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  • Writer's pictureSam Orlando

Federal Court Advances a Singular Claim in Stuffed Animal & Police Misconduct Lawsuit

Written by: Sam Orlando

When the Sheriff Said No to Body Cams, Suiter Said Yes to Filming Fluffy Traffic Stops Staunton, VA — It was a twist that no one saw coming, especially not at a Sheetz gas station in Staunton. Police auditor and Shenandoah Valley's Black Lives Matter Group President, Antwhon Suiter, stumbled upon a peculiar sight: Deputy Dylan Johnson of the Augusta County Sheriff's Office, allegedly filling his police cruiser with stuffed animals.

Suiter says he found these actions from the Augusta County Deputy suspicious. Suiter reasoned the Deputy was outside of his jurisdiction, and knowing the County doesn't utilize body camera devices, decided to record the deputy himself. Suiter promptly grabbed his camera to document the incident, but things escalated when Suiter continued to film the deputy after he departed the Sheetz, and he was pulled over by the deputy. Now, a federal court has decided to proceed with one of Suiter's claims against Johnson, while dismissing several others.

The Good News, or "You Can't Always Get What You Want" The court gave the green light to Suiter's Fourth Amendment claim, while waving goodbye to his other allegations, such as false arrest and excessive force. It's a small step forward for Suiter, whose confrontation with Deputy Johnson has sparked a considerable debate on the role of police and citizens' rights to document law enforcement.

"The fact that one claim is moving forward is a testament to the power of the Fourth Amendment," said Suiter. "It's about making sure that everyone has a freedom of unreasonable search and seizure—even when pointing a camera at a police officer surrounded by plush toys."

Camera, Action, Retaliation: The Fine Print of Filming the Fuzz The incident happened in the city of Staunton, notably outside of Deputy Johnson's jurisdiction in Augusta County. The case revolves around whether Suiter's constitutional rights were violated when he was pulled over for following and filming Johnson after the gas station encounter.

In a recent magistrate recommendation, the court dismissed some of Suiter's claims but let one proceed, reminding us all that in the courtroom, just like in life, you can't always get what you want—but sometimes, you get what you need.

The Bad News, or "But Sometimes, You Get What You Need" The magistrate recommendation wasn't all sunshine, rainbows, and stuffed animals for Suiter, though. The First Amendment claim that his right to film Johnson was retaliated against? Axed. Reason? Qualified immunity. Apparently, the Fourth Circuit Court isn't sold on the "clearly established right" to film police officers in these specific circumstances. It's as if the court said, "Your filming rights in this setting are as clearly established as Bigfoot's residency in Virginia."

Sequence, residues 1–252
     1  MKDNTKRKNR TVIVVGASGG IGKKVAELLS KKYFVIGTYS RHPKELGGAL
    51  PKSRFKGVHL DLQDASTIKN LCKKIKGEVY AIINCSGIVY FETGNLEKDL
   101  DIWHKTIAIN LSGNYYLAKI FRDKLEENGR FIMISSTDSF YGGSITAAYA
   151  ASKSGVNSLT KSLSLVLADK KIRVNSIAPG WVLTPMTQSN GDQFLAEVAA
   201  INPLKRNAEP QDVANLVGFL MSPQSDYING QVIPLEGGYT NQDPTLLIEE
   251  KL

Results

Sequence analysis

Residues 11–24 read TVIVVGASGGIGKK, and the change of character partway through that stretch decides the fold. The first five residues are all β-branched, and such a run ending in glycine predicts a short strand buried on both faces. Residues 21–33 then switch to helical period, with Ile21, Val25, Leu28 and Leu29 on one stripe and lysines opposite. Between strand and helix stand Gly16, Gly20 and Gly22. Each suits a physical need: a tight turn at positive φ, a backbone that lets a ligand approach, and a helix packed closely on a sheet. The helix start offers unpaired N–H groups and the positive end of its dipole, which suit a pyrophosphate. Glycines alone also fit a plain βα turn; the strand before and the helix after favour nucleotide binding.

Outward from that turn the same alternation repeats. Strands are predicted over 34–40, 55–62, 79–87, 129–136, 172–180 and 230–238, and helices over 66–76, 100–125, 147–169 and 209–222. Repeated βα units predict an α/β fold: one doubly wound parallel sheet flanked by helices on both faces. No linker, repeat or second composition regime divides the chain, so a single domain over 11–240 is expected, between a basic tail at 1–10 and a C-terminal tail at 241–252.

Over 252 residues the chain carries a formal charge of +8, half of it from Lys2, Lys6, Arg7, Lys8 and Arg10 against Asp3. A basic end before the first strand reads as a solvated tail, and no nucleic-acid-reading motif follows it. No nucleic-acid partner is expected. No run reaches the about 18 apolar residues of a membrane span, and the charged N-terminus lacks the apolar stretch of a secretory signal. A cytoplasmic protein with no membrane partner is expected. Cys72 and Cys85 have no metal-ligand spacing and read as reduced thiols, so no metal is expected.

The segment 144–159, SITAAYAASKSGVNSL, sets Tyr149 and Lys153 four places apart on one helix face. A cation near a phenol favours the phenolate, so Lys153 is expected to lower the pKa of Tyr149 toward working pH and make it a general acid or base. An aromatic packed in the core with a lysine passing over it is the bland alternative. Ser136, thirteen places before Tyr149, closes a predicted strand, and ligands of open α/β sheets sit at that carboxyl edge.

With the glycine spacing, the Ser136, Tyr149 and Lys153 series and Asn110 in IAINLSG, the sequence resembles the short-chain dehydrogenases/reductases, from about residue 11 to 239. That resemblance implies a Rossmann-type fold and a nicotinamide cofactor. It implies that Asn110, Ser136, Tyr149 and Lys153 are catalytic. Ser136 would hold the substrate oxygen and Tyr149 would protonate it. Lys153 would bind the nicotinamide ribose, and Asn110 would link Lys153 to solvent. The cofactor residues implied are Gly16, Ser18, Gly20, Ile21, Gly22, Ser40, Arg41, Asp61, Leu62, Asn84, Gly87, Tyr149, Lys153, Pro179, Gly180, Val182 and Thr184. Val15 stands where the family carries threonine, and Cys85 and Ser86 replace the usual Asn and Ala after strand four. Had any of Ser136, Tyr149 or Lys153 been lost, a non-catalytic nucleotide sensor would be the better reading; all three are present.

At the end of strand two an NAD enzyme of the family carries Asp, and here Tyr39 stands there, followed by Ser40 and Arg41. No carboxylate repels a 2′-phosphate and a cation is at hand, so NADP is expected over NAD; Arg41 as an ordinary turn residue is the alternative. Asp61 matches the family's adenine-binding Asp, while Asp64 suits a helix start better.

Why Virginia's IIED Claim Melted Faster Than Frosty in August The 14th Amendment claims were dismissed as well. It appears that the First and Fourth Amendments are the headliners, and the 14th Amendment was trying to be a cover band that nobody paid to see.

Then there was the Virginia Intentional Infliction of Emotional Distress (IIED) claim. Let's just say it met the same fate as a snowman in July. The court found that although Suiter alleged emotional distress, his immediate vocal stance against Johnson's actions didn't fit the 'so severe no reasonable person could endure it' bill.

Interestingly, the court pointed out that Suiter was anything but "chilled" in expressing his opinions to the officer both during and after the incident. If anything, Suiter was "spitting hot fire" of legal awareness, which might have melted any chance of claiming severe emotional distress.

Not shy to speak his mind, Suiter retorted to the Court with an objection to the magistrate Judge's recommendation, asking the District Court Judge to review his decisions related to the dismissed claims.

The Twisty, Turny Road Ahead While one claim in Suiter's lawsuit is moving forward faster than a rumor in a small town, the dismissal of his other claims reminds us that legal battles are a complex game of 3D chess—sometimes you move forward, sometimes sideways, and sometimes you're knocked off the board entirely.

As the courtroom clock ticks on, will Suiter emerge as the legal victor, or will he face a defeat more crushing than finding out your childhood stuffed animals were stuffed in the back of a police cruiser? Will the Sheriff remain content that his deputies have no video evidence of their own from body cameras, to counteract what a citizen with a camera might say? Either way, law enthusiasts and plushie aficionados alike, keep your eyes peeled and your gavels at the ready as the case of Suiter v. Johnson appears likely to move forward to trial.

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